Elizabeth Shown Mills
On another list, a researcher just wrote (and I paraphrase here for simplicity): “How much citation is enough? I can personally get bogged down in the multiple citations and lose my enthusiasm for the hunt.”
EE’s response was a long Hmhh—followed by a short history lesson.
When our ancestors arrived in North America, they encountered a small black and white animal that they considered quite beautiful—until it, er, "bombed" them. Sources are no different. The fun of discovery can turn into a quite unpleasant situation, when we trust information from a source that we shouldn't.
That, in a nutshell is why EE argues that source citation is not and should not be something we do in order to meet somebody else's expectations. The best reason to identify the source of each and every assertion we take from whatever-the-source is to help ourselves understand what we're using and what we're accepting. That understanding of the strengths and weaknesses of each source is how we ensure that we don't end up getting skunked.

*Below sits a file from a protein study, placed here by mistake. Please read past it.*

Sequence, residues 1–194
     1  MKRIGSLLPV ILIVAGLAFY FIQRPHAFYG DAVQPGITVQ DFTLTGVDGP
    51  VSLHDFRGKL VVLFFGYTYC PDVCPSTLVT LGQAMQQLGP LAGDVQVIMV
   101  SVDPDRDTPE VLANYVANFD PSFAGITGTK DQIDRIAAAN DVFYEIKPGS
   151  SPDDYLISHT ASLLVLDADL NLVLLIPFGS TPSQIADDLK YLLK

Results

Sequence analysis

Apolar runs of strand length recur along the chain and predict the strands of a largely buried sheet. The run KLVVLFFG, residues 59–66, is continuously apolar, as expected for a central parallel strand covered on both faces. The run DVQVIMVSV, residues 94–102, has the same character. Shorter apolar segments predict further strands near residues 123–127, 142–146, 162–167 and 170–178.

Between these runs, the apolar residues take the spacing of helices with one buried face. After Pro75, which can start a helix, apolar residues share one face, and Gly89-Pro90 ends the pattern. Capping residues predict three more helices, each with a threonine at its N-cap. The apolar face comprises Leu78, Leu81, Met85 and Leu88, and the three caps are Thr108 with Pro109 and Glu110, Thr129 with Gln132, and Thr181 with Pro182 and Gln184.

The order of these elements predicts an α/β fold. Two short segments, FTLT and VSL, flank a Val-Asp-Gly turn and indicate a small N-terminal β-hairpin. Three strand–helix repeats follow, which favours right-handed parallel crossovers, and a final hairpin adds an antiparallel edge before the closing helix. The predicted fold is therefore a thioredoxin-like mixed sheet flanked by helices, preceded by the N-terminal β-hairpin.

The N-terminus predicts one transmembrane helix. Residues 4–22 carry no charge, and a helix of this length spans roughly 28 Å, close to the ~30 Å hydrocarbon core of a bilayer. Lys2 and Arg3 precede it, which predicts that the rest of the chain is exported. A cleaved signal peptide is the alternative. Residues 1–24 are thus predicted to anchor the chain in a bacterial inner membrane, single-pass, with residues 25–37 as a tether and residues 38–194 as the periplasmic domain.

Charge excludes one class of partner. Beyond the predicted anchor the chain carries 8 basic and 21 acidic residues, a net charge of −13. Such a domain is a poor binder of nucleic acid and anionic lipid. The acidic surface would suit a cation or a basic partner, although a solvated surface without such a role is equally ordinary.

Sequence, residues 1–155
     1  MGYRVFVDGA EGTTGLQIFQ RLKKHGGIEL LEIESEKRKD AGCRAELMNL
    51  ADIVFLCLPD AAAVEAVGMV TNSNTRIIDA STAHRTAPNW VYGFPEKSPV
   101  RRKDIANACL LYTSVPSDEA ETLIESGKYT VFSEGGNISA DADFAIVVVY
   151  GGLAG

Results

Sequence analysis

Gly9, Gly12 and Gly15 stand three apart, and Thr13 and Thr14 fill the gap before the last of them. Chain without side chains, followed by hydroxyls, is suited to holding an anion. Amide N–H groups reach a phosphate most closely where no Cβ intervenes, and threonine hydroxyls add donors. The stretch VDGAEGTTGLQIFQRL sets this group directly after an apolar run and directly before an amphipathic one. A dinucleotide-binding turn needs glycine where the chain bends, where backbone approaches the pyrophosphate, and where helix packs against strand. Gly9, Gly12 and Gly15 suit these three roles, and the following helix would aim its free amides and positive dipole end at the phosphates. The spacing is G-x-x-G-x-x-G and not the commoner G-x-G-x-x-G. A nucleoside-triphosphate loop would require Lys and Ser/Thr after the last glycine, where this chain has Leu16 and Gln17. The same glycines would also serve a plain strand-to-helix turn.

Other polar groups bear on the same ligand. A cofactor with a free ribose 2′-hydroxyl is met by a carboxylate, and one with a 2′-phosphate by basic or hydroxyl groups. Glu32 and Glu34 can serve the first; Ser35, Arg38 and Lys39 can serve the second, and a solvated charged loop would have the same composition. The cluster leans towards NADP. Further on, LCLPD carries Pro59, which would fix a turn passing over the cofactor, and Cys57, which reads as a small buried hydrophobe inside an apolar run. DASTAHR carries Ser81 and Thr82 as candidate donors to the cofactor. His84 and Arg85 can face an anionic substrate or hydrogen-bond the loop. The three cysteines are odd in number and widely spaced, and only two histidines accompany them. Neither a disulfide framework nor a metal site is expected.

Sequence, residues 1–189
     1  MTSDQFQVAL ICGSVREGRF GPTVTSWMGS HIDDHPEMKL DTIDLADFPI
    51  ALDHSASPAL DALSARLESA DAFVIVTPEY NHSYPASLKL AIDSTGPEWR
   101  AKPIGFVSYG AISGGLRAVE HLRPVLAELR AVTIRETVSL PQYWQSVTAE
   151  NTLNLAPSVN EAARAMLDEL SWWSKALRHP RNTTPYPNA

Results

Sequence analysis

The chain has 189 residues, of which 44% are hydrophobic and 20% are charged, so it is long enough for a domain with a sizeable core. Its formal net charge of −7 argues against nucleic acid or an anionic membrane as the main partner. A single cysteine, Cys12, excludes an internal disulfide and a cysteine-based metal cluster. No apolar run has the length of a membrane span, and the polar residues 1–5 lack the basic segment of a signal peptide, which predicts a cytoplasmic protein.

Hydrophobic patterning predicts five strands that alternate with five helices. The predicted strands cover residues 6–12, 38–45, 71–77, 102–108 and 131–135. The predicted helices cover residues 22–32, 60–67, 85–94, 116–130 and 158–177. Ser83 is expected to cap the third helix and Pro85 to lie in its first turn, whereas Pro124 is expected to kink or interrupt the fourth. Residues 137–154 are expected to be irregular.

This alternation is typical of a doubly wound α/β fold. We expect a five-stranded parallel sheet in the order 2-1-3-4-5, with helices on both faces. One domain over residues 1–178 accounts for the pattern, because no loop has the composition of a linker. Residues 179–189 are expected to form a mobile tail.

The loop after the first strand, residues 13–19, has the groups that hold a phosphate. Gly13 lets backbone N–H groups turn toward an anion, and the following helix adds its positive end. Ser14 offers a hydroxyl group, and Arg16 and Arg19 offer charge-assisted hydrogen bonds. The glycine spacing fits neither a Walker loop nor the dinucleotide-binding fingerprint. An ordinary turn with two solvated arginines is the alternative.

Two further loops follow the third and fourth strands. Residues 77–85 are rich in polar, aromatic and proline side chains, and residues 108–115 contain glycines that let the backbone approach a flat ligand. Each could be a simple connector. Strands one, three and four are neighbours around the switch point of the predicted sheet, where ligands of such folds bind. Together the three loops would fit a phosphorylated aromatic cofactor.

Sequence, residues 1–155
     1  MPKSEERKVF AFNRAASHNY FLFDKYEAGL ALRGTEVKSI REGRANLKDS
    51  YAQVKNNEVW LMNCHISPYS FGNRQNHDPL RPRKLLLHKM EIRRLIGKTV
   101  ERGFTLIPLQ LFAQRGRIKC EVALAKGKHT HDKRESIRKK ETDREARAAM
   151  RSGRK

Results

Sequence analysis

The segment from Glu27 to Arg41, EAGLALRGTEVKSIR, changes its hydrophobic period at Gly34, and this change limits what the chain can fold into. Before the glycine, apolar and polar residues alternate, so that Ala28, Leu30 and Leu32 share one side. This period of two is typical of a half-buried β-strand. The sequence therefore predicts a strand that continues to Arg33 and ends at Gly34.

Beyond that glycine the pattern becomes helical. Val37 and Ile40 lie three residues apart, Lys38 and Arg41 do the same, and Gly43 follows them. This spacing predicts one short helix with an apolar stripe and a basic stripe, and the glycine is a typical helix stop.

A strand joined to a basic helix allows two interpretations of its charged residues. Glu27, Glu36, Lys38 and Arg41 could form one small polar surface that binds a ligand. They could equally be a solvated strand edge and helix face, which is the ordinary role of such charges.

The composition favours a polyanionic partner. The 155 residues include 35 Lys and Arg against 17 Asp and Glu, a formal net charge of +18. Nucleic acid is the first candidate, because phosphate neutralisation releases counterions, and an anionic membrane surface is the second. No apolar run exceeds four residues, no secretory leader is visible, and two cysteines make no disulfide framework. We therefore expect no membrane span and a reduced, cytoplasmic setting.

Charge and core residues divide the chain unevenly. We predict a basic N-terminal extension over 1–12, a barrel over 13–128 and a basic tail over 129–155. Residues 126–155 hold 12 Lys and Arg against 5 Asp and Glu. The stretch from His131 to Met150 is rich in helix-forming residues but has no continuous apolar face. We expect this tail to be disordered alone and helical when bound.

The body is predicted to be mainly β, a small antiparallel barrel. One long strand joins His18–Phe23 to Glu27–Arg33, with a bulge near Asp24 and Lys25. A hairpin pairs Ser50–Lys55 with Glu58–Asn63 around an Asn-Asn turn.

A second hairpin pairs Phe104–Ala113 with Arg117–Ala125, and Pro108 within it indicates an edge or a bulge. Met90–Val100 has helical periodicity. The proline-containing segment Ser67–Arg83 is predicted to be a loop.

PHOTO CREDIT: Dan and Lin Dzurisn, "Striped Skunk (Mephitis mephitis) DSC 0030," originally posted to Flickr as Striped Skunk (Mephitis mephitis) DSC_0030; posted at "Striped Skunk," Wikipedia ("https://commons.wikimedia.org/wiki/File:Striped_Skunk_(Mephitis_mephitis)_DSC_0030.jpg#/media/File:Striped_Skunk_(Mephitis_mephitis)_DSC_0030.jpg : downloaded 18 October 2015); used under Creative Commons License 2.0.